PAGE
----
This is true. Early in his career, the writer John Cheever owned a single suit. He would dress in this suit each morning, ride the elevator down to his apartment building’s basement, then strip off the suit and write in his underwear until it was time to dress again and go back up.

Change of scenery

One of the best resources a home-based worker can have is designated work space. An office with a door is the gold standard, but any workstation you can literally walk away from signals to you, and anyone you share a home with, when you’re on the clock. (If space is really at a premium, this desk folds up at the end of a shift and hides all your papers.)

Sensory shift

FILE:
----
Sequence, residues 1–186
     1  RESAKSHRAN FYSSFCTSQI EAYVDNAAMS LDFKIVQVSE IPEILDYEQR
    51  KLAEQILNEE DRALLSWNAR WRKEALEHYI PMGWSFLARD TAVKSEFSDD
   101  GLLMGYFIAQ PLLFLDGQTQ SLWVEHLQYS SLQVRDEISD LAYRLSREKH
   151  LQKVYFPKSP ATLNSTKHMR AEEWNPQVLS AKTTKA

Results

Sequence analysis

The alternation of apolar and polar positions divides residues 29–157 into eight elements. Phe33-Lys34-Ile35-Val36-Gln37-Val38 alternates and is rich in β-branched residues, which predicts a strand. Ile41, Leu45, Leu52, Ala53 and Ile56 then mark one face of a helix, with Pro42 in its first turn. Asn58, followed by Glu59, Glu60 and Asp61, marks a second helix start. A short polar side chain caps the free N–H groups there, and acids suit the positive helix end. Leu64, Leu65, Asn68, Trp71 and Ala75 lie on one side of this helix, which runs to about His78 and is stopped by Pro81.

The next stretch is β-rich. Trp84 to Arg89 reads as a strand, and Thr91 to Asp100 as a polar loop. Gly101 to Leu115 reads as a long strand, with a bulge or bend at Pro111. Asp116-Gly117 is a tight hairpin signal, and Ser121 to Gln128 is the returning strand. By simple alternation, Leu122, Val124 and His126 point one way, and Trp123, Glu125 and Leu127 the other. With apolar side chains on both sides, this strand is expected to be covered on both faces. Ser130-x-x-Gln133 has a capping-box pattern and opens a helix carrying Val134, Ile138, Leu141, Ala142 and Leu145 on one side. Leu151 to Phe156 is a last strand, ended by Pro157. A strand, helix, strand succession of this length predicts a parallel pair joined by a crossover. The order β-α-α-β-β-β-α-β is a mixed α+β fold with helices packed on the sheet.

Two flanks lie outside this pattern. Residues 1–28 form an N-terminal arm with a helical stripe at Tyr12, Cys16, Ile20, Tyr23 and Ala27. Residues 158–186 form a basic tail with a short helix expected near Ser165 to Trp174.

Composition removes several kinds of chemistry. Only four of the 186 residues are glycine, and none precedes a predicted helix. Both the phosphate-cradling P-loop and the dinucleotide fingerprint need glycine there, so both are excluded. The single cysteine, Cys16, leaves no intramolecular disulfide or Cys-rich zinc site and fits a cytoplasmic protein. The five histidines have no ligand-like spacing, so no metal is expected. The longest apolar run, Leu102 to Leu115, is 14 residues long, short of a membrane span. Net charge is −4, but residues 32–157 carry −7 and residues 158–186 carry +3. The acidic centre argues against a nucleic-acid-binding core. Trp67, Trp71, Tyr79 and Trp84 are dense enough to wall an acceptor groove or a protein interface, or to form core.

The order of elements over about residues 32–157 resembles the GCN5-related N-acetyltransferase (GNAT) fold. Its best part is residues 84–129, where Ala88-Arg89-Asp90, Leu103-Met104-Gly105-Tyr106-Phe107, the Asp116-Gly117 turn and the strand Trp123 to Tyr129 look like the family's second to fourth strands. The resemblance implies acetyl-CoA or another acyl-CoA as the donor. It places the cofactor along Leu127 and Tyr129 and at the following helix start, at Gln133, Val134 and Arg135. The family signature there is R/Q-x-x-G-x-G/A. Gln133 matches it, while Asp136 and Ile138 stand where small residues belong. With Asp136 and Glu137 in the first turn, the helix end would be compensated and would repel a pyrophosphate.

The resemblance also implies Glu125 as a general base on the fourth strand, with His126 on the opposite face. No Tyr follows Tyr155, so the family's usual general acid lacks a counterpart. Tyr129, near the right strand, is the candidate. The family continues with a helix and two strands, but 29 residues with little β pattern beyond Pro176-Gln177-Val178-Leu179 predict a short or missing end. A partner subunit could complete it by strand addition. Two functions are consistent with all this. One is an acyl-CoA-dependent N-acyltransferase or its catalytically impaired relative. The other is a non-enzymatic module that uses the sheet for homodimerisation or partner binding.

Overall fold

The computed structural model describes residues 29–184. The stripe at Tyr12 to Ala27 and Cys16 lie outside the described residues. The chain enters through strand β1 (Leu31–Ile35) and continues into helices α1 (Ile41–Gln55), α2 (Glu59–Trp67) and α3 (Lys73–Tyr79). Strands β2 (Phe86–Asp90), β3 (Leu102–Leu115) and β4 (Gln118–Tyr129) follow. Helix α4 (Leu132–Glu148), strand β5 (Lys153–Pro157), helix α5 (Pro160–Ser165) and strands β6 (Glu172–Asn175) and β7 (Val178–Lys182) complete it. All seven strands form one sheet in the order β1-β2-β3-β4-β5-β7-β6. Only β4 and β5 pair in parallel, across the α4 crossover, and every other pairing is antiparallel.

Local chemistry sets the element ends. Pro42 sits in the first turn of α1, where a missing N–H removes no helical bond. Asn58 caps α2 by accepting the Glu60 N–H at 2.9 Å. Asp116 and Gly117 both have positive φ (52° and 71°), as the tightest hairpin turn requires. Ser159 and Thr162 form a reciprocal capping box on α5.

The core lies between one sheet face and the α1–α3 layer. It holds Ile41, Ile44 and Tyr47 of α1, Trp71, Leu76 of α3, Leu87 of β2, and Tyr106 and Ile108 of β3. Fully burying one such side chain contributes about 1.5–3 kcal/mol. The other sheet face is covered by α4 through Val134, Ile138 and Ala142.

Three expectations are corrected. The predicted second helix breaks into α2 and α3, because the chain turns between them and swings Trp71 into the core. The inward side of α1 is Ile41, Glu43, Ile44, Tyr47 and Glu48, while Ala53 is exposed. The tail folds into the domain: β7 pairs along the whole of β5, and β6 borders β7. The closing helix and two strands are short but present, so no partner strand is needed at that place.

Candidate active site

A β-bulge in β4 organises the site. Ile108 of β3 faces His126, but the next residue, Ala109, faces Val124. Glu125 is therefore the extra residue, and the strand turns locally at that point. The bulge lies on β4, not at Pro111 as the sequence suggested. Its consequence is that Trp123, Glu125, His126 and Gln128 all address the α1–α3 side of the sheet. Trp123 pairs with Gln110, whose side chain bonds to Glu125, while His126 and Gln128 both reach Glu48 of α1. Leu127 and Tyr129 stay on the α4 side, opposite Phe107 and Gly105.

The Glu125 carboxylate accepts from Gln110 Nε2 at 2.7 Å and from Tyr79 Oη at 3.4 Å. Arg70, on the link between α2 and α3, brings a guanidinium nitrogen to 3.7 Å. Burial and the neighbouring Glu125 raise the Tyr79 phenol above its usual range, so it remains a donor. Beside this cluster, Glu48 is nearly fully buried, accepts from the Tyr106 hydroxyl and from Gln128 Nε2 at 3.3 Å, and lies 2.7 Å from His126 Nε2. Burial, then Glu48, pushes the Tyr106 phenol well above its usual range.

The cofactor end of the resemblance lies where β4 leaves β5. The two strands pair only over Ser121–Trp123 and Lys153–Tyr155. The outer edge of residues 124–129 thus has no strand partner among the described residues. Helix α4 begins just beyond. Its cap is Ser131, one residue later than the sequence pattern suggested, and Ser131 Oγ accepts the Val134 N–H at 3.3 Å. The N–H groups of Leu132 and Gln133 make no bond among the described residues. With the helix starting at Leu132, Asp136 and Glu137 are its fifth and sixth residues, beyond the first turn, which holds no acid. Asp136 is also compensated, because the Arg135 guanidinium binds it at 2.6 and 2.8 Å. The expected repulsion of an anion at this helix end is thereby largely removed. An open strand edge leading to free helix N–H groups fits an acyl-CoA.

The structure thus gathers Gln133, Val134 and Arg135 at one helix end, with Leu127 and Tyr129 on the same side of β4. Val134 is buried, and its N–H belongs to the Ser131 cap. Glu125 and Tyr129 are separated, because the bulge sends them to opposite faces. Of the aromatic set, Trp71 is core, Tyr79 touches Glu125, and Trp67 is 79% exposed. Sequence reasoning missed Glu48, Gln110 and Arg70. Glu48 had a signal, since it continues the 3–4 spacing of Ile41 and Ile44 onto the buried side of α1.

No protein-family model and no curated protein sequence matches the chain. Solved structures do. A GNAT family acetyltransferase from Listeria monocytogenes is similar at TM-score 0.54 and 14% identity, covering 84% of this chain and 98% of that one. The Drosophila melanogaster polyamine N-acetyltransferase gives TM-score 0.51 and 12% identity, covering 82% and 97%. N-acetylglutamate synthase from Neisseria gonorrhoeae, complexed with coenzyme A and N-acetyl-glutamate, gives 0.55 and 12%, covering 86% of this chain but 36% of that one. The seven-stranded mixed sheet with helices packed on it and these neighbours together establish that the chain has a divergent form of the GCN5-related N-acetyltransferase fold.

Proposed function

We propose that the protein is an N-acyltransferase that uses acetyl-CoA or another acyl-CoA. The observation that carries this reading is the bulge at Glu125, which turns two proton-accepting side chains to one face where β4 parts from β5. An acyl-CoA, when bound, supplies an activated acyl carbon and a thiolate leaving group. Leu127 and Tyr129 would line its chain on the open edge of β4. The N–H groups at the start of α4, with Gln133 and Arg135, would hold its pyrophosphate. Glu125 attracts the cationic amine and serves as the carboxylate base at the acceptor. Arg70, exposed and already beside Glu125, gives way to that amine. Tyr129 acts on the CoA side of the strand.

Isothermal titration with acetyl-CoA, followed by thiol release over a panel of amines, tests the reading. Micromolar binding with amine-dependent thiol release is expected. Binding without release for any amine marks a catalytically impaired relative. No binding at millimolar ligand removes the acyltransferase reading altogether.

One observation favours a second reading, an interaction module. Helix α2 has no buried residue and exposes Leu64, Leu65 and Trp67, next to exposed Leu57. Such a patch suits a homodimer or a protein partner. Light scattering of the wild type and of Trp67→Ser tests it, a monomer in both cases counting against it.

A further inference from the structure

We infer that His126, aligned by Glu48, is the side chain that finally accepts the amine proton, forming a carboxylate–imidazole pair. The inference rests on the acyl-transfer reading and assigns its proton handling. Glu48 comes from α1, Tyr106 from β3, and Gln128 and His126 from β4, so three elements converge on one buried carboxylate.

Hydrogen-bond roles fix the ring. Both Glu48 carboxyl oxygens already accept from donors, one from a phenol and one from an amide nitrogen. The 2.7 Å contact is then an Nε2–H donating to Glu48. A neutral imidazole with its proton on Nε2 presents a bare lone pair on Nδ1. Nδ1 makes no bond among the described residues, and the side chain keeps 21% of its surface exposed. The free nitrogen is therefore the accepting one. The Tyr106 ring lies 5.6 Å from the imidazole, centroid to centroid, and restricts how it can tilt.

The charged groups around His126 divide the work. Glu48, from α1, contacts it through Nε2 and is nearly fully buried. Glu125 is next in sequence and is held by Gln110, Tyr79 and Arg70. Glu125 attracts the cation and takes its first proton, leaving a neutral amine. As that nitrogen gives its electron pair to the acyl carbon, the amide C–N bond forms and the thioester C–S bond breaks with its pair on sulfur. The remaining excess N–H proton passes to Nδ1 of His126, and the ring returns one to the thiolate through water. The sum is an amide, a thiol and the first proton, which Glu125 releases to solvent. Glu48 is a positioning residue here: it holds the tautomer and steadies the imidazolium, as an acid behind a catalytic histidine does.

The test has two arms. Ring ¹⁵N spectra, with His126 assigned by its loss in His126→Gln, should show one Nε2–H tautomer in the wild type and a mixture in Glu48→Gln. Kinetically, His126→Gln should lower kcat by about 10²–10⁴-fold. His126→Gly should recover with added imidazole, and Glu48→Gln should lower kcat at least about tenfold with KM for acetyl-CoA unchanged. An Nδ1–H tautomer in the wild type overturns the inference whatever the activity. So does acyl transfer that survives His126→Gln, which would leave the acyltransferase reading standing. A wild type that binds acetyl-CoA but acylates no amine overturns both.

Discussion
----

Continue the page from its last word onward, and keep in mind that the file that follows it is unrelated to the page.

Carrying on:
Several respondents had the intriguing idea to mark work time with a specific scent—a cost-effective way of transforming a space from home to work.


If you have children or pets, you have an immediate excuse to turn your attention elsewhere when work is finished (and, often, even when it’s not). If external obligations don’t already create a hard stop to your day, find some that do. Scheduling a workout class or other activity at the time you want to stop working is a great motivator to wrap things up.

Turn off

There’s no more effective way to unplug from the workday than by literally powering down.

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